EJ Levy’s new story collection, Love, In Theory, is a powerful array of contradictions: sensuous yet wry, bruising yet brainy, perfectly precise yet voluptuously messy. Her characters inhabit not-so-ivory towers of academia and hospital hallways; they chase after lovers they’re lucky to be rid of and fuck up happy homes; they laugh at themselves and they love without hope. Everyday actions—flirting with a salesman at a camping store, shaking hands with a partner’s co-worker—pitch them into moments of existential crisis that Levy describes in prose that fuses the muscular density of Mary Gaitskill’s best work with the sardonic buoyancy of Lorrie Moore.
Though not a linked collection in the traditional sense (no two stories share the same characters), these pieces coalesce around themes of desperation and desire. The characters are achingly aware of their own loneliness, and they try something—anything—to remedy it. Their efforts to wrestle out of their comfort zones allow Levy to deploy her sharpest—and most poignant—prose; the book is laced with lines that make you wince in recognition and stun you with their beauty.
In “Theory of Enlightenment,” a high-octane New York businesswoman follows her erstwhile lover to an ashram; despite the novelty of this premise, Levy grounds her observations in a hard-bitten wit that feels as lived-in as a much-loved party dress that’s been on too many strangers’ bedroom floors: “This is not a thing they feature in women’s magazines: How to Steal Your Boyfriend Back from God. So Renee has to turn to relatives, to friends, to strangers who lurk in adjacent cubicles. That morning, she confides in her coworker Alice … Over lunch, they talk sex, they talk self-esteem. They share rape stories and religious denominations. By that afternoon, Renee has agreed to help Alice find an apartment in Brooklyn.”
Renee’s quest to woo back the man “she has loved for so long it is if he is a part of her. A limb she cannot stand to lose” takes an unexpected route; like all of Levy’s characters, she’s forced to find peace in not getting what she wants but getting what she needs: “Renee considers the exquisite impermanence of it all, of her mother pulling the heads off begonias so they will flower and flower and flower, trying desperately to pass on their seed, and of Gil in the misty Catskills where the valleys are filled with pale vapor … and she knows that Gil is praying at this very moment, desperately, earnestly, as he once made love to Renee, when he still believed—as she does now—that feeling is a kind of knowledge and love an unregarded path to enlightenment.”
Levy’s stories are peopled with characters who have chosen lives of the mind, which makes these moments of raw emotion all the more powerful. In the first story, “The Best Way Not to Freeze,” a tightly-wound adjunct tries to mellow out and open up to a crunchy-groovy outdoorsman. This could’ve been a stale scenario, but Levy invigorates it by making her acerbic heroine’s desire to love and be loved like the heart of a hummingbird: so small and fierce and fast that she can hardly feel it move inside her.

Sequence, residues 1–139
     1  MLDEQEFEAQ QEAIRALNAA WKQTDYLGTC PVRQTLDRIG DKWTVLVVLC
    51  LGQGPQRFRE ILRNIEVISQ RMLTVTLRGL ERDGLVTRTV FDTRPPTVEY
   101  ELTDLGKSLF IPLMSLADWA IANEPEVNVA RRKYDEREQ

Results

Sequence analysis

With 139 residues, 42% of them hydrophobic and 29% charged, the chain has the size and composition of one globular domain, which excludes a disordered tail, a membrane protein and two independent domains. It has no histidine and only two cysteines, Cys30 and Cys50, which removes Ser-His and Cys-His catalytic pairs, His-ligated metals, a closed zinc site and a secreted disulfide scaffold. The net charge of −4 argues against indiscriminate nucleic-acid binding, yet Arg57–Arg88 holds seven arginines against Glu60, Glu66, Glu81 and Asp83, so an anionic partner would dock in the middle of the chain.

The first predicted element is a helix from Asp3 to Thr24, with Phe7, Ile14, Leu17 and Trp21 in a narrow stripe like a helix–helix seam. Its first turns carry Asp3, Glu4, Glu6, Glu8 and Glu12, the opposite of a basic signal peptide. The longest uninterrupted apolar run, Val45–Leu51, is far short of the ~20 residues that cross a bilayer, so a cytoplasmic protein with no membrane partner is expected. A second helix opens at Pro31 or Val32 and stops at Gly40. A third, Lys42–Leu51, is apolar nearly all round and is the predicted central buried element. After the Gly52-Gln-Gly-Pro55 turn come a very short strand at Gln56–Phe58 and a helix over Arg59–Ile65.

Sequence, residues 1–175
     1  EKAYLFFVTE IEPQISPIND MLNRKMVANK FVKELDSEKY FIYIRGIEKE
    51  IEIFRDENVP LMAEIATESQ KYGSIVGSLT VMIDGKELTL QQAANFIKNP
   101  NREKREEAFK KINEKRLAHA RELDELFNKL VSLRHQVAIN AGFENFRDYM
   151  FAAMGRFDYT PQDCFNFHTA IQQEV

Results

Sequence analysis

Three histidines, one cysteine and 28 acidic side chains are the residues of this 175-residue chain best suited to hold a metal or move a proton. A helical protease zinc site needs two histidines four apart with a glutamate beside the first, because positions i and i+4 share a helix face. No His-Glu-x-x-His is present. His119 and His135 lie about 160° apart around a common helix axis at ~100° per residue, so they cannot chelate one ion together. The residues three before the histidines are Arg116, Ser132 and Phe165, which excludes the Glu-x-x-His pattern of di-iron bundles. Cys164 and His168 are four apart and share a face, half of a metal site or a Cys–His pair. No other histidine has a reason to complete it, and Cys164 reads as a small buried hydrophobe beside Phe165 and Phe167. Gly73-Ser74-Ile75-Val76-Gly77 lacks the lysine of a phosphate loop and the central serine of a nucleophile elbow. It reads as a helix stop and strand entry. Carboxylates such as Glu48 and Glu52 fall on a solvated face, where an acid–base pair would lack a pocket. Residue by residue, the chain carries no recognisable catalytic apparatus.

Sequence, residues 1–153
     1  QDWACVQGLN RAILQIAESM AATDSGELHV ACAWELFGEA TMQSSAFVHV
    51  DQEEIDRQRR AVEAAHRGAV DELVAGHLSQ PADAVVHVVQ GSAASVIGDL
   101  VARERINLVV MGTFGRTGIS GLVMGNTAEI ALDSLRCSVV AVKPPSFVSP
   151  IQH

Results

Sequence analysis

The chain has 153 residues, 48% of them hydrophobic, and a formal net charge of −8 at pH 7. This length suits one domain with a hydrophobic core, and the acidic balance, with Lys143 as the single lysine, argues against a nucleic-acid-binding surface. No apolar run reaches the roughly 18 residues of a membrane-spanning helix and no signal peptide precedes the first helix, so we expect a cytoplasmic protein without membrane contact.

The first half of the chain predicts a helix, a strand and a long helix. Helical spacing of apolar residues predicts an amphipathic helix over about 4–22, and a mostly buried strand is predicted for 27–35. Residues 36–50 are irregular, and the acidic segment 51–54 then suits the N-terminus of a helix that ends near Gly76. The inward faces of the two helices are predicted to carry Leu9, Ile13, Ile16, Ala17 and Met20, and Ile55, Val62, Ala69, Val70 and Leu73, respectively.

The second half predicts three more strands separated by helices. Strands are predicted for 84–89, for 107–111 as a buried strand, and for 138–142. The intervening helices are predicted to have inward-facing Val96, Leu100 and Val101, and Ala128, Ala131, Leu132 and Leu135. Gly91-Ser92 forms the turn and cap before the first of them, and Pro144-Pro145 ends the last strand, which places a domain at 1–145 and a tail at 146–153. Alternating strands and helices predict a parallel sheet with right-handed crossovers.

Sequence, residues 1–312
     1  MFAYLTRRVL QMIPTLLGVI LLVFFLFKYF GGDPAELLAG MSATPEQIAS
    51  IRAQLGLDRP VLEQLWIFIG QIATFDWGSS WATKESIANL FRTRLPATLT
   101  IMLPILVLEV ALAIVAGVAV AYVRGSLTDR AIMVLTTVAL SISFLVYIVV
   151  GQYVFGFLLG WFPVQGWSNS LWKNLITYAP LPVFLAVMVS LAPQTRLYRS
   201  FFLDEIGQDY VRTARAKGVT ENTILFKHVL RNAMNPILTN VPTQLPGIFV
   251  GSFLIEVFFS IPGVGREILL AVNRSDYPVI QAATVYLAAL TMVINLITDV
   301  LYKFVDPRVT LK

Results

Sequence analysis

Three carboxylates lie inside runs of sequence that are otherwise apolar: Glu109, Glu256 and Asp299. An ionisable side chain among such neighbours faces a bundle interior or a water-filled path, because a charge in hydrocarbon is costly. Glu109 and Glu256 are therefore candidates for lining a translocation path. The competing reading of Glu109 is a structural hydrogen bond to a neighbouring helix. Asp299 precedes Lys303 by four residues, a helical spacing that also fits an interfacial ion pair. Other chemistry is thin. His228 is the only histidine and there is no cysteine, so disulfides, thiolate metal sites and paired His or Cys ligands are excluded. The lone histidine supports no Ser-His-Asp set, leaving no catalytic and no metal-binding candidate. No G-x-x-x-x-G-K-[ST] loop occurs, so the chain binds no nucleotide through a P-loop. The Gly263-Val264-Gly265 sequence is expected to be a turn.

Within a few brief pages, her arctic façade chips and splinters, and she changes from being “a scholar … her job [was] to see things in relationship to other things; the only thing she couldn’t see in a relationship was herself,” to someone who’s been gutted by love: “She heard him turn the lock and shove the key under the door, and then she stripped and stepped into the scalding tub, amazed that she could feel so much pain. Her skin was red beneath the water and felt like it might peel off, the way a green chili’s shiny skin will when you roast it over an open fire as he had shown her how to do.”
Passages like this make it easy to assume that there’s only one kind of character in Levy’s wheelhouse, but she’s just as potent with her lone blue-collar protagonist, the hospital orderly who tends to “The Three Christs of Moose Lake, Minnesota.” Though he’s a self-described “bruiser” (at least in build), she wisely refrains from making him sound like an archetypical townie and articulates his bemusement with three patients who share a very particular affliction—and his attraction to the young researcher who’s come to study them—in clean, economical prose that still packs a wallop:
“People argue about what distinguishes man from the lower animals now that we know that chimps can sign and elephants remember and dolphins think and chimpanzees kill for sport (I saw this on a National Geographic special the other night). Karen said that what makes us unique as a species is that we make art, but I think maybe we’re the only ones who pray and who wager, which, depending on how you look at it, maybe boils down to the same thing—faith in a power beyond our own, whether God or luck.”
Love is also a power beyond our own. Human beings have named the stars and photographed of the darkest parts of the deepest sea, but each of us can be undone by a single look. Theory is, in essence, a kind of faith. Love, In Theory is an often tender, sometimes ribald, and always affecting exploration of the ways we put that beautiful, improbable faith into action.